The Cognitive-Interpersonal Maintenance Model of Anorexia Nervosa Revisited: A summary of the evidence for cognitive, socio-emotional and interpersonal predisposing and perpetuating factors.

Authors: Treasure, J., Schmidt, U.
Literature review trying to identify pre-morbid tendencies that might contribute to the onset and maintenance of restrictive eating disorders. OCD, weak set shifting ability, attention bias towards critical and domineering faces, impaired regulation and interpretation of emotion and difficulties in social cognition. Too early to identify how these things might be applied to better treatments obviously [site owner comment].

 

Quinolinic Acid: Suicide Attempts Linked To Chemical's Presence In Spinal Fluid, Study Says

Authors: Pappas, S.
Brief mainstream article on research from L. Brundin et. al., on the link between inflammation and suicidality. Quinolininc acid, a compound associated with inflammation. The higher CSF presence of quinolinic acid appeared to correlate to suicide attempt. Itappears that quinolinic acid mimics glutamate function within the brain. Its an intriguing avenue for future study.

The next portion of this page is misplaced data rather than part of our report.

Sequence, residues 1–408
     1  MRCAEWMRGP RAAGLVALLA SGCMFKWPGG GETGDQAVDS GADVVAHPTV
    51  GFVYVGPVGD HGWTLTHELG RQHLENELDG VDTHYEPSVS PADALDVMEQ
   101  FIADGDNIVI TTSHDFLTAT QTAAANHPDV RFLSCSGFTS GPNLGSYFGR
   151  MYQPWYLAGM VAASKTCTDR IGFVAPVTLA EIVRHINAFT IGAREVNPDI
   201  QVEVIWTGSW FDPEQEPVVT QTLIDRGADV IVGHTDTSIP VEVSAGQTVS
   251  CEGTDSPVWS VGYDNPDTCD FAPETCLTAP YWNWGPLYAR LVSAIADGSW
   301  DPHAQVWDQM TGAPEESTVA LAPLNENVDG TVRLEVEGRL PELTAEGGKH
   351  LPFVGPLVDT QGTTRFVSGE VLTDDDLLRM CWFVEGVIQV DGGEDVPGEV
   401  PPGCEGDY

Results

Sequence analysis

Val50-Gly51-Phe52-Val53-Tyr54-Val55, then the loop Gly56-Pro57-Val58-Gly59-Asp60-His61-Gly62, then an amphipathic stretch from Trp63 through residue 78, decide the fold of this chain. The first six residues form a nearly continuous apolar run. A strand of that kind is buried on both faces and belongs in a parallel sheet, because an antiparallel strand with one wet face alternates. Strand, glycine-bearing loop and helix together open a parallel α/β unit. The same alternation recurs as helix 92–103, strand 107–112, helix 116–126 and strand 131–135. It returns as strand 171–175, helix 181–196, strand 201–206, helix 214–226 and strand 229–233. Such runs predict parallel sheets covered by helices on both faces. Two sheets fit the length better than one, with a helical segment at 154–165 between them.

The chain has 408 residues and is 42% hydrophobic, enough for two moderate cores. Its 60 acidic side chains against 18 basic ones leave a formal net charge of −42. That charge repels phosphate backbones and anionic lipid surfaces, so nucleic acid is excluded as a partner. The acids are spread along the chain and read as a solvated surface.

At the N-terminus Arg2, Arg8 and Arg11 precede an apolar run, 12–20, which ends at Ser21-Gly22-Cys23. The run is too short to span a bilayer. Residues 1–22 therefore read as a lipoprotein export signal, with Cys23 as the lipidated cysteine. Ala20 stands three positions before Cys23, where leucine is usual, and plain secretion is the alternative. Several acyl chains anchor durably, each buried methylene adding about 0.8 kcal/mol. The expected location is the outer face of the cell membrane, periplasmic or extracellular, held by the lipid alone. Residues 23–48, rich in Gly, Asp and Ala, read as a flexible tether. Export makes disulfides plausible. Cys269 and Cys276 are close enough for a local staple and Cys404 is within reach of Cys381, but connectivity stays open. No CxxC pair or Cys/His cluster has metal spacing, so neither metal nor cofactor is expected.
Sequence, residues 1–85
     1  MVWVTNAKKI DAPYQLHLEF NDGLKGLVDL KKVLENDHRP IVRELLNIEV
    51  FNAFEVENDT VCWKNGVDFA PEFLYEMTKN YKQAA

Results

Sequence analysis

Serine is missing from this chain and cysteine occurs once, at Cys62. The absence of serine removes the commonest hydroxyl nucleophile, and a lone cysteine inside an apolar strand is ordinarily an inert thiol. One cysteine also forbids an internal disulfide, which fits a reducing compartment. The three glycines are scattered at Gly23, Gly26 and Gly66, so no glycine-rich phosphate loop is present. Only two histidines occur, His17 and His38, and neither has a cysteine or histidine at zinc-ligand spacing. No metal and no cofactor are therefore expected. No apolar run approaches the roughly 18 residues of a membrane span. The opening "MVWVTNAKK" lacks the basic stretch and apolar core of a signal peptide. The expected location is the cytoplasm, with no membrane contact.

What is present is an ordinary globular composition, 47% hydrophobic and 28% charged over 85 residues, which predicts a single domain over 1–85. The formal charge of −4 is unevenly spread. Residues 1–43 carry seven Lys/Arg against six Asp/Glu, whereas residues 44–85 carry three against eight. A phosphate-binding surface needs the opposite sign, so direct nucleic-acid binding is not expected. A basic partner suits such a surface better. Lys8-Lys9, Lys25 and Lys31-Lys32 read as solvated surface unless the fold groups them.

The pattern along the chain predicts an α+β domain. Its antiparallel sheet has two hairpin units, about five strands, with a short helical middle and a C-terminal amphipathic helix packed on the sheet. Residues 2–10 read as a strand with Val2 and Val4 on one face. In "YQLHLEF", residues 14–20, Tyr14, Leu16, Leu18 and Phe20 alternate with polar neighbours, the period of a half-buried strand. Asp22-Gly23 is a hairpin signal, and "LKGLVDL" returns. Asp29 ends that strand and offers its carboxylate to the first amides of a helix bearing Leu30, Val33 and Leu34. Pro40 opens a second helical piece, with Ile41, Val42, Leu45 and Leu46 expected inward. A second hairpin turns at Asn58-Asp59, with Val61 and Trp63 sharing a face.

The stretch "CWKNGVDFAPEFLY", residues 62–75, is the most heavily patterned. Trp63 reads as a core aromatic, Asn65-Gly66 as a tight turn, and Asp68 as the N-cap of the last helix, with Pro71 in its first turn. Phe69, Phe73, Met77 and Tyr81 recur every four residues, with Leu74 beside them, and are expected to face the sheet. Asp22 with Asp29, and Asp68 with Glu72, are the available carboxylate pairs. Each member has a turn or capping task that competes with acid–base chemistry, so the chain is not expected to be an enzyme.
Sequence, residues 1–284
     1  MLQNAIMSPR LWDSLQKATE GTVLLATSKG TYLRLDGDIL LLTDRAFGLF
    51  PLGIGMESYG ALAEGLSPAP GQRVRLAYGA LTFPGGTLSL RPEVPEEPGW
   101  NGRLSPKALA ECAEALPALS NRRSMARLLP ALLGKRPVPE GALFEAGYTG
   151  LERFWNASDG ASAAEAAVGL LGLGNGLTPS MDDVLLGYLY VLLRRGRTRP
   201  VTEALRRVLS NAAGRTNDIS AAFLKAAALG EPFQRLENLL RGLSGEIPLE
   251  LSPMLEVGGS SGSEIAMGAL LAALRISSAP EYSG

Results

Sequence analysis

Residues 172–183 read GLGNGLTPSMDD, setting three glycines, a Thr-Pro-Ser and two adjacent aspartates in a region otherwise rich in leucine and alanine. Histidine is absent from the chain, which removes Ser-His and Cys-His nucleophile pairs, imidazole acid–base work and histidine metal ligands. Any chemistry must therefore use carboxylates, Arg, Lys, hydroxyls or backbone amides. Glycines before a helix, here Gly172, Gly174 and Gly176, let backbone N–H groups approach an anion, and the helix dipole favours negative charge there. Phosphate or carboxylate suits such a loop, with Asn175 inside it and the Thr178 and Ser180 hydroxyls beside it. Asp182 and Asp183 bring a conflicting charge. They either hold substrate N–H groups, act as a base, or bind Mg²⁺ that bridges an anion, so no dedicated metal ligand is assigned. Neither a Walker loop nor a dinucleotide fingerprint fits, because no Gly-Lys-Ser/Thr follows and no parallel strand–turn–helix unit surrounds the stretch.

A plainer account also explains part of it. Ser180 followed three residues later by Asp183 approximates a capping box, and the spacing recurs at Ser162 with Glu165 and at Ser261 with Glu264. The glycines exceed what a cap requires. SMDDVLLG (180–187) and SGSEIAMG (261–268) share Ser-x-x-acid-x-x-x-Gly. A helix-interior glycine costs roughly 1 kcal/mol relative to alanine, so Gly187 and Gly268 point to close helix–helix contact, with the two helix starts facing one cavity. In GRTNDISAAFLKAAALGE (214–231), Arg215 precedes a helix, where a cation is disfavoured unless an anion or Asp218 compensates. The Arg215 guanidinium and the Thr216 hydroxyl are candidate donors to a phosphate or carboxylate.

The Genetic and Epigenetic Basis of Type 2 Diabetes and Obesity

Authors: Drong, A.W., Lindgren, C.M., McCarthy, M.I.
To date, more than 150 genetic loci are associated with the development of monogenic, syndromic, or multifactorial forms of T2D or obesity. However, the proportion of overall trait variance explained by these associated loci is modest (~5–10% for T2D, ~2% for body mass index (BMI)). Some of the familial aggregation not attributable to known genetic variation, as well as many of the effects of environmental exposures, may reflect epigenetic processes.

 

Food restriction-induced hyperactivity: Addiction or adaptation to famine?

Authors: Dulcos, M., Ouerdani, A., Mormède, P., Konsman, J.P.
Rat study. A nifty little study (we are not rats of course) that indicates the exposure to sucrose eases the fleeing-famine-like hyperactivity response [see S. Guisinger articles in references for further details on fleeing famine and AN). Complete supposition, but perhaps the predilection for sweet in early phases of recovery for patients with restrictive eating disorders might be have additional value in easing and lessening the hyperactivity that exacerbates the continual pattern of energy deficits [site owner comment].